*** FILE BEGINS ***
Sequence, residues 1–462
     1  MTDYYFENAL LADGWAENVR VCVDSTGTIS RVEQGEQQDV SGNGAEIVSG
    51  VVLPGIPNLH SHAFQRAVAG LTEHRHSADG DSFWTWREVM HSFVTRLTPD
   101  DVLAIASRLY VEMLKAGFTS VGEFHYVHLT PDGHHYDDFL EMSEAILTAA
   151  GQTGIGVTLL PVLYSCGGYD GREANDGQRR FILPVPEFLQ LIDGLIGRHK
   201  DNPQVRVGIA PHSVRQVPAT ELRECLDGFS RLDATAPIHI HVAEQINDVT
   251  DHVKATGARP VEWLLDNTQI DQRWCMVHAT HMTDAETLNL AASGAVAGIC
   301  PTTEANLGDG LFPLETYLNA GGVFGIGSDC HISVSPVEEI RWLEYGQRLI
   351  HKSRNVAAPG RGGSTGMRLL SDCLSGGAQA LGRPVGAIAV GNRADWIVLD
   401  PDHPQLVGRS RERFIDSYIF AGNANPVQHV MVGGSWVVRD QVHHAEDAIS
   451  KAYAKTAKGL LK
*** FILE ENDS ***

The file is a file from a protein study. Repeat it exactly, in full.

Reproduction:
Sequence, residues 1–462
     1  MTDYYFENAL LADGWAENVR VCVDSTGTIS RVEQGEQQDV SGNGAEIVSG
    51  VVLPGIPNLH SHAFQRAVAG LTEHRHSADG DSFWTWREVM HSFVTRLTPD
   101  DVLAIASRLY VEMLKAGFTS VGEFHYVHLT PDGHHYDDFL EMSEAILTAA
   151  GQTGIGVTLL PVLYSCGGYD GREANDGQRR FILPVPEFLQ LIDGLIGRHK
   201  DNPQVRVGIA PHSVRQVPAT ELRECLDGFS RLDATAPIHI HVAEQINDVT
   251  DHVKATGARP VEWLLDNTQI DQRWCMVHAT HMTDAETLNL AASGAVAGIC
   301  PTTEANLGDG LFPLETYLNA GGVFGIGSDC HISVSPVEEI RWLEYGQRLI
   351  HKSRNVAAPG RGGSTGMRLL SDCLSGGAQA LGRPVGAIAV GNRADWIVLD
   401  PDHPQLVGRS RERFIDSYIF AGNANPVQHV MVGGSWVVRD QVHHAEDAIS
   451  KAYAKTAKGL LK